Walmart. In fact, when you get to the door, you usually get greeted by a
nice old person who offers you a cart to use.
But how much would you pay? That’s the way to think about the value of capitalism, to consumers: What would it be worth to have access to the markets where you can buy the things you want?
We take things for granted. We shouldn't.
I rarely find C-SPAN transcripts funny, but this one is pretty good:
Dems Are on ‘Fishing Trip’ for Kavanaugh Scandal.
"Consider the damning evidence already uncovered in these documents:
Judge Kavanaugh goes to church on Sunday morning, he appreciates
pizza when he’s working late, he thought the last play of a Redskins
game was ‘a total disgrace,’" Hatch said. "Mdm. President, if these
mundanities aren’t grounds for disqualification, then what is? What
more do we have to learn about Judge Kavanaugh before we can see him
for what he truly is: Joseph Stalin without the mustache or as one
of my colleagues so calmly put it, a man who will ‘pave the pave
[sic] to tyranny.’"
The senator channeled Democrats in facetiously suggesting
Kavanaugh's "vanilla ice cream cone" persona may be the greatest
"If I could tell the American people one thing today, it would be this: Judge Kavanaugh may seem like the human incarnation of a vanilla ice cream cone. But he’s actually something far more sinister," Hatch said. "Judging by the rhetoric coming from the left, I’m convinced that this minivan-driving carpool dad is actually the second coming of Genghis Khan?"
There's video at the link. Hatch's delivery needs work. Frequent
stumbles, and (yes) he really did say "pave the pave" when he
clearly meant to say "pave the path".
(Although give him a break, he's 84 years old!)
He is, I'm virtually certain, just reading words some (very clever) staffer wrote for him.
Still funny, though.
I was wondering
whether Ted Cruz's amendment to the Defense appropriation bill about
Confucius Institutes would have any effect on the University Near
Here. Turns out the answer is no, but I had to surf on over to a
Chinese newspaper site, the Global Times, to find that out:
act has limited impact on Confucius Institute.
The act only affects universities with a Confucius Institute and
Chinese-language programs funded by the US Department of Defense,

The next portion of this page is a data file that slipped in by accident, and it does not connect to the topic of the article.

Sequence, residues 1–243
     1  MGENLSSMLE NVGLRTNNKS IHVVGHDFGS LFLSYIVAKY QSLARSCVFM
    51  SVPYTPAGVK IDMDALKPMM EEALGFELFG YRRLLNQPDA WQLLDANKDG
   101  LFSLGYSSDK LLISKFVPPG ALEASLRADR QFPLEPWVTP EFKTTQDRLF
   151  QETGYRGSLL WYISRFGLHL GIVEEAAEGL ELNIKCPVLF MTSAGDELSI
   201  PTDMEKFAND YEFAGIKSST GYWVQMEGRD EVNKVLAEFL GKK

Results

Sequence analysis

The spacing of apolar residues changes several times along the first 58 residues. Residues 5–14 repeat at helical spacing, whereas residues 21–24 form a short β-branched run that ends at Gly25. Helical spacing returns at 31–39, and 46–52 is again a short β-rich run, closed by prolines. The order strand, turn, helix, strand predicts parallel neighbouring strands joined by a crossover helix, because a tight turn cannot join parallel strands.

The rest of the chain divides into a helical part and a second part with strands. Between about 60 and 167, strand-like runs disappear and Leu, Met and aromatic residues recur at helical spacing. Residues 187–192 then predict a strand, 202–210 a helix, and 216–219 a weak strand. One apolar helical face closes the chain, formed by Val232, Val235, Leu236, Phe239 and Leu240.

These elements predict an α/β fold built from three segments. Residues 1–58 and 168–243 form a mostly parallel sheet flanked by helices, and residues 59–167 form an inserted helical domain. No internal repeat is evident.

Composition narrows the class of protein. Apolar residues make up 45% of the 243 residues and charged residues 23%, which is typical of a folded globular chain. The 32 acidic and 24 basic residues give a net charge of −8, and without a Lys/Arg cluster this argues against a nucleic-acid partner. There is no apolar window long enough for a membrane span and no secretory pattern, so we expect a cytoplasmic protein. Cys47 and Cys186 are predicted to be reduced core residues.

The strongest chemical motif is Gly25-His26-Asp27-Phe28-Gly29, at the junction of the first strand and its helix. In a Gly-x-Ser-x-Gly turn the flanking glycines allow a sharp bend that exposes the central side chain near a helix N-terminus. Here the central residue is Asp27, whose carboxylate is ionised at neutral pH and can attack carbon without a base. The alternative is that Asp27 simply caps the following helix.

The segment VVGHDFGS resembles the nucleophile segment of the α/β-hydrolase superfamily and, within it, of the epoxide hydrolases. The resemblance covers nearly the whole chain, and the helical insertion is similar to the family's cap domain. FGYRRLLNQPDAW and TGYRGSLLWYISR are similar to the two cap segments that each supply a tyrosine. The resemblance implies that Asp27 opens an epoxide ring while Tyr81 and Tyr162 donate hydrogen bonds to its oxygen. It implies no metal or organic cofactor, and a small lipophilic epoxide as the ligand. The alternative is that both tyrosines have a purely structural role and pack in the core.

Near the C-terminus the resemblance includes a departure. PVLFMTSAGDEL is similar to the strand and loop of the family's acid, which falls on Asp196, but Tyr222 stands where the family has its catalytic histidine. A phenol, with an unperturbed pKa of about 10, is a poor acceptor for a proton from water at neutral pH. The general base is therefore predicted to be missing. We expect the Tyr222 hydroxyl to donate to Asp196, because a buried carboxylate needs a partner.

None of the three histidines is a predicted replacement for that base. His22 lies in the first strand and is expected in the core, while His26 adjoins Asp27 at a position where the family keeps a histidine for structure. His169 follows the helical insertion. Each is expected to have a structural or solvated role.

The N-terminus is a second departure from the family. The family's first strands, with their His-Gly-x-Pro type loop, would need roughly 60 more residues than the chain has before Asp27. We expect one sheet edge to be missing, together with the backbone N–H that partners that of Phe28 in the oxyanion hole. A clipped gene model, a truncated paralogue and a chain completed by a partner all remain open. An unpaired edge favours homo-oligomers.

Wang Yige, a staffer at the Confucius Institute at the University of
New Hampshire, told the Global Times via email on Wednesday.
"There are only about five such universities in the US," Wang said.
Wang Yige, or as the University calls him,
is not a mere "staffer", he's the Confucius Institute Co-Director.
But whatever, I'll take his word for it.
I should note that the Global Times is an offshoot of the
People's Daily, the print organ of the Chinese Communist
dictatorship. Entertaining editorial:
reveals McCarthyist tendency of US:
The University of North Florida announced that it will close a
campus branch of the Confucius Institute Wednesday. "After reviewing
the classes, activities and events sponsored over the past four
years and comparing them with the mission and goals of the
university, it was determined that they weren't aligned," the
university said in a statement.
Apparently the decision was made under pressure from US Senator Marco Rubio's repeated warnings this year. Rubio welcomed the decision and urged other Florida universities to follow suit. Cracking down on Confucius Institutes is a typical example of US politics intervening in university education. There are about 110 Confucius Institutes in the US, and about 500 Confucius Classrooms. Almost no students ever criticized the organizations for improper lessons. It has always been the US elites who accuse Confucius Institutes of ideological infiltration or even spying.
Their conclusion: "Rubio and the Pentagon have showed Chinese people
what kind of a country the US really is." Ooh, sick burn.
Union Leader article from last February, UNH's Confucius
Institute will undergo a "thorough review" next year. (This is the
only recent local news coverage I've been able to dig up, though.)